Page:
* The Cost? Presently, each property owner is paying a library tax from $275 to $700 per year and up. I am told the average house in the district is valued at $654,000 and pays approximately $530 just for Library Tax. I don't know about you, but for me, that's a lot of money. The amount is based on a tax rate determined each year by the library board. The library director claims that the proposed $15 million expansion will add $175 more per year, pushing the tax on the average house to $705 per year, just for library tax. She also claims that the project cannot exceed $15 million. This is not true. The value of the bond is limited to $15 million but not the cost of the project. What happens when the inevitable 10 to 20 percent cost overruns occur? The library board simply increases the tax rate to cover the cost over-runs. That's also how the board will cover the increased cost of operating expenses such as heating, electricity, air conditioning, maintenance costs, custodial services, insurance, increased staff, etc. etc. etc. So the taxpayers will be hit by the triple whammy of an ever-increasing library tax rate to cover cost over-runs and operating expenses plus an increase to pay off the bond--all to expand a library, which is currently under-utilized.
Within the past two years, taxpayers in this area have been hit with unprecedented property tax increases due to re-assessment. Many people can no longer afford to stay in their homes. You have very little control over assessment increases, but you do have control over this wasteful and unnecessary expenditure.
* Needs of Young Adults? The library plans show a large space devoted to attracting "young adults." The fact is that in these modern times, Internet access is far more important to students than library access, a trend to which parents are well aware. Conscientious students are not tripping over each other at the library; they are home doing their schoolwork on the Internet. They will remain there whether the library is expanded or not. The "build it and they will come" argument of the movie Field of Dreams doesn't hold water. First, in the movie, the builder used his own money and, second, the movie was fiction. Students will not come -- and I am not willing to make a $15 million bet that they will, are you?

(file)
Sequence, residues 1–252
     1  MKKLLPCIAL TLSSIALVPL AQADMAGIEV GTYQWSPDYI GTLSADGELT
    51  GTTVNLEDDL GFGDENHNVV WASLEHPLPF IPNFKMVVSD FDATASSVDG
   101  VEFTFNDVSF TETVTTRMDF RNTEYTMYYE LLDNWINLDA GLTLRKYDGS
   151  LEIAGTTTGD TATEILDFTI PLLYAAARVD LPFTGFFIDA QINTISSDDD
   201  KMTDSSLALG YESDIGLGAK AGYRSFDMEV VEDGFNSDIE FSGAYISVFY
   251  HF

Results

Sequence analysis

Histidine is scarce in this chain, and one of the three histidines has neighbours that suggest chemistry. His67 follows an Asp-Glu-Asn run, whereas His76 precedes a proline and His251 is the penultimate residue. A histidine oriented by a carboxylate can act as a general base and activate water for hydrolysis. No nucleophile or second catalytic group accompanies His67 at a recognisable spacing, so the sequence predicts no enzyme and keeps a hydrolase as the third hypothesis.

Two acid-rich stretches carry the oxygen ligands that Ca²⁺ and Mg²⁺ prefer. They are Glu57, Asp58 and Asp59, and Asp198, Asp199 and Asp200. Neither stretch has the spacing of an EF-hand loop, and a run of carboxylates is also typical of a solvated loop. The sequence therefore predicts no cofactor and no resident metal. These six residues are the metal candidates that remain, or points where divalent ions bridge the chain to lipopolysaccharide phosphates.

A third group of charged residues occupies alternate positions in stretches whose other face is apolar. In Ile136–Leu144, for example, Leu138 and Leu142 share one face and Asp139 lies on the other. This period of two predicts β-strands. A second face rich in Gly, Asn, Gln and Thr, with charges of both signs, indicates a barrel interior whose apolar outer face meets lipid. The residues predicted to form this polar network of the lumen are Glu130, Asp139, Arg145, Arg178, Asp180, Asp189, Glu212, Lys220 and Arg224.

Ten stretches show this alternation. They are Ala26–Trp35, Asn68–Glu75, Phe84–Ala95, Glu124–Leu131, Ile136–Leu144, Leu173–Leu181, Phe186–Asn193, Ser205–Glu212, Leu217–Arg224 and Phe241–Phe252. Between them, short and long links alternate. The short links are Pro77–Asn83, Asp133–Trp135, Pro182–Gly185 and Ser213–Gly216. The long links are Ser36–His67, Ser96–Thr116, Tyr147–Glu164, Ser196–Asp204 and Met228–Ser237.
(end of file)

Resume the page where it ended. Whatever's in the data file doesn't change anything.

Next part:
* A Cultural Center? Perhaps the library director wants to make the library into a cultural center. We already have a cultural center in the community; in fact we have many:
Nassau County Museum of Art; Sid Jacobson Center; Roslyn Adult Ed with many cultural offerings; Roslyn Community Center andThe Helen Glannon Room of the Library.
We don't need another cultural center in Roslyn.
* A Rebuttal? When the director and board are confronted with these facts and figures at Library and Civic Association meetings, I would expect a vigorous rebuttal against these arguments and in defense of their expansion plan, but there is none. Why? Because when the project is exposed to the light of reality it is without merit.
* Time for Action. So, community residents, educate yourselves. Spend a half hour going to the library. Check out the people in the chairs and in the aisles. Then spend another half hour going to the library to vote no on this unnecessary and ill-conceived project. You will be paying yourself $200 to $300 per hour for your time in tax savings, just like those high-powered attorneys earn. And you will be paying yourself again and again for many years to come.
It is also important to get the word out. The vote on this Bond Issue is: Wednesday, March 24 at the library. Tell your neighbors; tell your civic association officers; tell your religious organizations; tell your senior citizens organizations; tell your civic association officers to alert their constituents. Everyone in the Roslyn School District is eligible to vote. Let people know that absentee ballots are available by calling the library.
The library director and board have made no case for this library expansion. I urge everyone in the community to defeat this unnecessary and wasteful project.